Results from a large study indicate that variants of the gene LRP5 are associated with a significant increase in the risk of fractures, by up to 20 percent, and lower levels of bone mineral density in the spine and hip, according to a new study.
Osteoporosis is characterized by low bone mineral density (BMD), deterioration of bone and increased risk for fractures. Studies have shown that genetic factors determine up to 80 percent of the variance in BMD, which is a major predictor of osteoporotic fractures, according to background information in the article. While the genes that contribute to differences in risk for osteoporosis and osteoporotic fractures are for the most part unknown, it is thought that the risk of developing osteoporosis is dependent on several common gene variants.
Variations of the gene LRP5 have been linked to bone mass accrual and susceptibility to osteoporosis, and some reports have suggested that some of these variants contribute to change in BMD in the general population, but results have been inconclusive, partly because of small sample size.
Joyce B. J. van Meurs, Ph.D., of Erasmus MC, Rotterdam, the Netherlands, and colleagues examined the association between variants to the genes LRP5 and LRP6 to BMD and risk of fracture using large-scale evidence, with the combined analysis of individual-level data of the full Genetic Markers for Osteoporosis (GENOMOS) consortium, including data from 37,534 individuals from 18 participating teams in Europe and North America. Bone mineral density was assessed by dual-energy x-ray absorptiometry (an imaging technique). Fractures were identified via questionnaire, medical records, or radiographic documentation; new fracture data were available for some groups, determined via routine surveillance methods, including radiographic examination for vertebral fractures.
"In this large-scale multicenter collaborative study, we obtained evidence that genetic variation of the LRP5 gene is associated with both BMD and fracture risk. The magnitude of the effects was modest but very consistent across studies," the authors write. "Based on the general acceptance that a 1-standard deviation reduction in bone mass doubles the fracture rate, an increase of fracture risk of about 15 percent to 20 percent is expected. This is similar to the observed effects on fracture, although adjustment for BMD only partly reduced the increase in fracture risk. This could raise the possibility of effects on bone quality, bone dimension, or other nonskeletal determinants of fracture, but also could be due to error in measurement of BMD. Further work will be required to address this point."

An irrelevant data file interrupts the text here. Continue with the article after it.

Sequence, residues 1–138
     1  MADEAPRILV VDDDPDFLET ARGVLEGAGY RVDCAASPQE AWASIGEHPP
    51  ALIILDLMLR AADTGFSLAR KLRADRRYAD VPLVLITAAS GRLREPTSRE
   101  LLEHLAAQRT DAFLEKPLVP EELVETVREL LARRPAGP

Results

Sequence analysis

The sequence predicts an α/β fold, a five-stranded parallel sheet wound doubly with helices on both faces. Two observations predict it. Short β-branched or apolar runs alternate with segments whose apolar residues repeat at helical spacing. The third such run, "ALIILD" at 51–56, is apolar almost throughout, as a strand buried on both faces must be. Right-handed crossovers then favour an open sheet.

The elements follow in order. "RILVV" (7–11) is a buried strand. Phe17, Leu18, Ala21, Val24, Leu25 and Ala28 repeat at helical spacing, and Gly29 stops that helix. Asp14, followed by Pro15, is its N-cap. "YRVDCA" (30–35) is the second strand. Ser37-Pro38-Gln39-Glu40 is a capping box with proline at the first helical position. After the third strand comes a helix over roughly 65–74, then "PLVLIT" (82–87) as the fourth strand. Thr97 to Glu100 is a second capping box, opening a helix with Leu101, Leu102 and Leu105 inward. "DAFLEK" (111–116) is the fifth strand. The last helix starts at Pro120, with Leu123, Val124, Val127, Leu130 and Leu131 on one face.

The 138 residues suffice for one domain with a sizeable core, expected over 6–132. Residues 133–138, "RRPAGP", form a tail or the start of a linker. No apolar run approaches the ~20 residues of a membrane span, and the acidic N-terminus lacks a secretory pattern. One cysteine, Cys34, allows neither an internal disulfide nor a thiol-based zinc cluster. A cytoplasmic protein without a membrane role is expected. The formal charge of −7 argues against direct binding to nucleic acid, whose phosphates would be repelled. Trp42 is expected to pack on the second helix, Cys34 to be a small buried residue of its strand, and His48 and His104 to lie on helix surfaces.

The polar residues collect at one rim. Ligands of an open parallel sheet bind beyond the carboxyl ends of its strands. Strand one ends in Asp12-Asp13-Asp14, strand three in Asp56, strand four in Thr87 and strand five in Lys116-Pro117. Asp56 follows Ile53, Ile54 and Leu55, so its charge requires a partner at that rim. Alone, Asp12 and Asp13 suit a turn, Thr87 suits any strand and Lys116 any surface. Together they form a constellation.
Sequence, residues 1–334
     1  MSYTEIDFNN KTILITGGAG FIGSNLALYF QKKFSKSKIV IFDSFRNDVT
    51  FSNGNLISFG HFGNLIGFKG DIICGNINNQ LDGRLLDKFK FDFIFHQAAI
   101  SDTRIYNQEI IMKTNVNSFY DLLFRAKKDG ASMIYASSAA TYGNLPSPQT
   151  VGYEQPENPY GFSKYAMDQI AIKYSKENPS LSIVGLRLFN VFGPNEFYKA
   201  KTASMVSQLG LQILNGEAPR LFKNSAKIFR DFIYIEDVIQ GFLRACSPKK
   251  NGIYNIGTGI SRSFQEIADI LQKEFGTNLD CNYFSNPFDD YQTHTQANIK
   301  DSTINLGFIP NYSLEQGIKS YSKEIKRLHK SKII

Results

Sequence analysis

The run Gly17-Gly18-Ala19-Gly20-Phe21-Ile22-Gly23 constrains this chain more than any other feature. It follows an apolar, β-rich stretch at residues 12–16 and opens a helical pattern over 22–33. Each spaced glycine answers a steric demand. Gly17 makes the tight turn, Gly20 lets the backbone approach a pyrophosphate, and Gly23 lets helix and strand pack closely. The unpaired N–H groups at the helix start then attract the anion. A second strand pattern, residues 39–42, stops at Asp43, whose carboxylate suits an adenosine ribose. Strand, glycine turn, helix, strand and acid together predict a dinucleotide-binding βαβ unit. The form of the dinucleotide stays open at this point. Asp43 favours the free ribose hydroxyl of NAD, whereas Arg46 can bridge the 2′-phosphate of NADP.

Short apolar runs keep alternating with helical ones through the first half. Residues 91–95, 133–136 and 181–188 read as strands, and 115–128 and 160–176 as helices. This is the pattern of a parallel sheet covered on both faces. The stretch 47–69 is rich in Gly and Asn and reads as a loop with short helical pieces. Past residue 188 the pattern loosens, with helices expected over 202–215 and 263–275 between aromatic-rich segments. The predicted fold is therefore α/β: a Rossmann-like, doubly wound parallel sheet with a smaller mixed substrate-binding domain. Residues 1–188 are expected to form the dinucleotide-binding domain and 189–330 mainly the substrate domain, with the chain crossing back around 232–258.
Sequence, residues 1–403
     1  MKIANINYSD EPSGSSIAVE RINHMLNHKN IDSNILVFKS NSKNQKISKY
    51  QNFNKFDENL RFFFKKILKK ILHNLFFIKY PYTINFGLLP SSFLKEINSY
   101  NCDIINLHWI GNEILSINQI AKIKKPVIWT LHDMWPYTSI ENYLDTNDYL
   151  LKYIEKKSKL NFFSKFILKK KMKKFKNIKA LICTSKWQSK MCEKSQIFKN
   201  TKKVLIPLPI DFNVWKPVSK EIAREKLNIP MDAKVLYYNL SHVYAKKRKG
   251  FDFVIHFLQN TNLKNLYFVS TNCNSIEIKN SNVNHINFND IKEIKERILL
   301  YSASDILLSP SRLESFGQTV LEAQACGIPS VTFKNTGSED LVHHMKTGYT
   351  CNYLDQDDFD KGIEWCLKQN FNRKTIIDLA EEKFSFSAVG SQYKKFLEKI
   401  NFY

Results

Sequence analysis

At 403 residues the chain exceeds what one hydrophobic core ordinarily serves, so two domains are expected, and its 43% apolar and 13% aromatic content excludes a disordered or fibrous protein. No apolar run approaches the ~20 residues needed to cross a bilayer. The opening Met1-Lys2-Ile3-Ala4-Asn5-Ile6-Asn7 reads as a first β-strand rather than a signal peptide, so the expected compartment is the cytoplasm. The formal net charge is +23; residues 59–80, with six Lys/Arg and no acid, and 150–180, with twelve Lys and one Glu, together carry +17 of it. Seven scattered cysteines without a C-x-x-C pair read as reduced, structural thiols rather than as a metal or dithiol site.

"Our findings demonstrate that the modest effects of common genetic variations in complex diseases can be effectively addressed through large consortia and coordinated, standardized analysis. Such effects might be missed by smaller and potentially underpowered individual studies. This prospective collaborative study with individual level-data of 37,534 participants shows an effect of LRP5 genetic variation on both BMD and risk of fracture. While some other common variants have been associated previously with osteoporosis phenotypes [physical manifestations] with large-scale evidence, this may be the first time that an association in this field crosses the threshold of genome-wide statistical significance."
"Although the magnitude of the effect was modest, the effect was very consistent in different populations and independent of sex or age. This suggests a role for LRP5 in determining BMD and fracture risk throughout life in the general population. Although any single marker explains only a small portion of the phenotype risk, identification of several such osteoporosis risk variants may eventually help in improving clinical prediction. Single genetic risk variants such as LRP5 may also offer useful insights about mechanisms and pathways that may be useful in drug development," the researchers conclude.
Journal reference: JAMA. 2008;299:1277-1290.
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